In general the operator in fitting goals (7) is much more complex than the simple masking operator used in the missing data problem. One of the most attractive potential uses for a range of equiprobable models is in velocity estimation. As a result I decided to next test the methodology on one of the simplest velocity estimation operators, the Dix equation Dix (1955).

Following the methodology of Clapp et al. (1998), I
start from a CMP gather *q*(*t*,*i*) moveout corrected with velocity *v*.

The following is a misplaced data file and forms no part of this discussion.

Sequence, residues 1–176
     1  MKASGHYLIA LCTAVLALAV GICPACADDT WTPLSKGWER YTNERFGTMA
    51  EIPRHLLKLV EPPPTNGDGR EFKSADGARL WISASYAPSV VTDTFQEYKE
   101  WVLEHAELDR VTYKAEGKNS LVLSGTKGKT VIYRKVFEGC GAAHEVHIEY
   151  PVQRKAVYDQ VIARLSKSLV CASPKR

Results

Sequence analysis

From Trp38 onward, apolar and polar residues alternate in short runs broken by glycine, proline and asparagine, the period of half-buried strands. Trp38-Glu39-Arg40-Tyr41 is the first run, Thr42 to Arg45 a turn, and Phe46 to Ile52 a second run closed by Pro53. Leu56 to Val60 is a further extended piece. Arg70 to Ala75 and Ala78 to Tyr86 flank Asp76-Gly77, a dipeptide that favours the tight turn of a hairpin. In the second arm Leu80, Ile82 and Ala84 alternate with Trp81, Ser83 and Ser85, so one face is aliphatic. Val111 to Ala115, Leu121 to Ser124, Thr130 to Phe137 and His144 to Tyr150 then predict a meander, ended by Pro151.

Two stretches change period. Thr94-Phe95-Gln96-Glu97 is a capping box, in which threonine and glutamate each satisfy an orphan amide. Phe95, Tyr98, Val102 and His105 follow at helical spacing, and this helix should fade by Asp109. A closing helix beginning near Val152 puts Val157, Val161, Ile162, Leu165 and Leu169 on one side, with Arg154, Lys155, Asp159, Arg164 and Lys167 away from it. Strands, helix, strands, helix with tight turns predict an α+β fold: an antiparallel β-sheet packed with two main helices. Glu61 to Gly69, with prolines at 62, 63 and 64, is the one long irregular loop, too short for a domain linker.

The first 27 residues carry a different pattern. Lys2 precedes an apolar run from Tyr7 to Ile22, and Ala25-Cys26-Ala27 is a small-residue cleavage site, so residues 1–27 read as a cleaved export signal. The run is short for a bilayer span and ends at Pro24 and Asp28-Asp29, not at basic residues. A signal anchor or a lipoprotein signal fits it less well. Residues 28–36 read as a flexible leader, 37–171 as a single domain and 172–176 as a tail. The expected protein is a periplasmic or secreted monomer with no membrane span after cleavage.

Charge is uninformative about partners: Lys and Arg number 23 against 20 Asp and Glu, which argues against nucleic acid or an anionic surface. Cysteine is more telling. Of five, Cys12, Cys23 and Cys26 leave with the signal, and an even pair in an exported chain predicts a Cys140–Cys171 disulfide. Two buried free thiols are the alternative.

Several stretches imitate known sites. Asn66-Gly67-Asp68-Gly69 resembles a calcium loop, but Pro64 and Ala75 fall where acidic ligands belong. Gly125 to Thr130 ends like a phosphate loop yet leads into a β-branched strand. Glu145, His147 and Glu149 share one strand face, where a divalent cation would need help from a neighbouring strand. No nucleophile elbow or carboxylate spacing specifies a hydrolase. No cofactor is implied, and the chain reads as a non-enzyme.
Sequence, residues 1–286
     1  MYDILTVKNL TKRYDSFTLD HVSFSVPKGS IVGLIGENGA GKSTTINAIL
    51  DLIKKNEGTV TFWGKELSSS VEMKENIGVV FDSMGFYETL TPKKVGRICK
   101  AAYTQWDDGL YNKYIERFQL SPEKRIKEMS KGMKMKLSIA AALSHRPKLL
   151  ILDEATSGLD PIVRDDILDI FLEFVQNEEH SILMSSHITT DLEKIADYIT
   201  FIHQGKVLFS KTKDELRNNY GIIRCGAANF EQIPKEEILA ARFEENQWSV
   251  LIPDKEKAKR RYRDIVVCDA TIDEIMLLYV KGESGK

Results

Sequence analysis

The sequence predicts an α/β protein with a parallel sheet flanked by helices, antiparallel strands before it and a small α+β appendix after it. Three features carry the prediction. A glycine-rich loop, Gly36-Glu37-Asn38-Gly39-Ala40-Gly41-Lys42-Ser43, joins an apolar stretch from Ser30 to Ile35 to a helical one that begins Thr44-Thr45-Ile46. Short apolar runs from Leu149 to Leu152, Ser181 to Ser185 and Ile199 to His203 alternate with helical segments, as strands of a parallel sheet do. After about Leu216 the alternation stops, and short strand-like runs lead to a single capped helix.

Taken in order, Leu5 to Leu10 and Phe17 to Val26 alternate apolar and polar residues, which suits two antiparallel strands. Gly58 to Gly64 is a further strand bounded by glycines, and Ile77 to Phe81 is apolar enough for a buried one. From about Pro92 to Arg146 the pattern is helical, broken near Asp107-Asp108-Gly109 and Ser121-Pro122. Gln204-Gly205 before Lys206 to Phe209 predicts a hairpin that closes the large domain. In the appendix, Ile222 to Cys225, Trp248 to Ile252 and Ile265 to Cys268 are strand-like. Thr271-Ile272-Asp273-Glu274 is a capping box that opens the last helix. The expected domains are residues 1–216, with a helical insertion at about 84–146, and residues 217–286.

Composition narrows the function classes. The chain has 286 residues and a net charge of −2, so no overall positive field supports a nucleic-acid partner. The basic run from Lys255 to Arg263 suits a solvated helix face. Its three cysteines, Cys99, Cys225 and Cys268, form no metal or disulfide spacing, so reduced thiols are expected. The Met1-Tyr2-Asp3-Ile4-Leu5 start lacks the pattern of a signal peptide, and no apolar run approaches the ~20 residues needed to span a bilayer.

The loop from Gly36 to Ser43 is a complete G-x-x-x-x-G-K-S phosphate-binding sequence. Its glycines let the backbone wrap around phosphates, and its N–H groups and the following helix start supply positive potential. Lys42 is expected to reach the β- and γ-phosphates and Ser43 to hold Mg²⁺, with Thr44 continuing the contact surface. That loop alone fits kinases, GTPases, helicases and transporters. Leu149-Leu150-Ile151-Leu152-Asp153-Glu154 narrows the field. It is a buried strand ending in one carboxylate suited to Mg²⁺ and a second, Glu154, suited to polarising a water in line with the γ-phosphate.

A good starting guess for our RMS velocity function
is the maximum ``instantaneous stack energy'',

(9) |

(10) |

(11) |

(12) |

To test the methodology I took a 2-D line from a 3-D North Sea dataset provided by Unocal. Figure shows four different realizations with varying levels of .

Figure 9

I then chose what I considered a reasonable variability level, and constructed ten equiprobable models (Figure ). Note that the general shapes of the models are very similar. What we see are smaller structural changes. For example, look at the range between .7s and 1.1s. Generally each realization tries to put a high velocity layer in this region, but thickness and magnitude varies in the different realizations.

Figure 10

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